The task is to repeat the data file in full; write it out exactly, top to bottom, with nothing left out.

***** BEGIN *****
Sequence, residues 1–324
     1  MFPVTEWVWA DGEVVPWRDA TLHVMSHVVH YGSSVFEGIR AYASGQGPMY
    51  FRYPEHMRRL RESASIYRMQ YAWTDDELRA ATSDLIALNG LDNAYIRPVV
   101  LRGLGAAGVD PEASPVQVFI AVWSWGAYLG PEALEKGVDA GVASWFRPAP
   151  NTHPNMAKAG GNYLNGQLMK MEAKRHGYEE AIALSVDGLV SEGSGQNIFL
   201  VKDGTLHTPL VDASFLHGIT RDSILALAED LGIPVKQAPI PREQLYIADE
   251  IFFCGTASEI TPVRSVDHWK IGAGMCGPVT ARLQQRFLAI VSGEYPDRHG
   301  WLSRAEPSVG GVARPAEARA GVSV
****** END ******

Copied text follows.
Sequence, residues 1–324
     1  MFPVTEWVWA DGEVVPWRDA TLHVMSHVVH YGSSVFEGIR AYASGQGPMY
    51  FRYPEHMRRL RESASIYRMQ YAWTDDELRA ATSDLIALNG LDNAYIRPVV
   101  LRGLGAAGVD PEASPVQVFI AVWSWGAYLG PEALEKGVDA GVASWFRPAP
   151  NTHPNMAKAG GNYLNGQLMK MEAKRHGYEE AIALSVDGLV SEGSGQNIFL
   201  VKDGTLHTPL VDASFLHGIT RDSILALAED LGIPVKQAPI PREQLYIADE
   251  IFFCGTASEI TPVRSVDHWK IGAGMCGPVT ARLQQRFLAI VSGEYPDRHG
   301  WLSRAEPSVG GVARPAEARA GVSV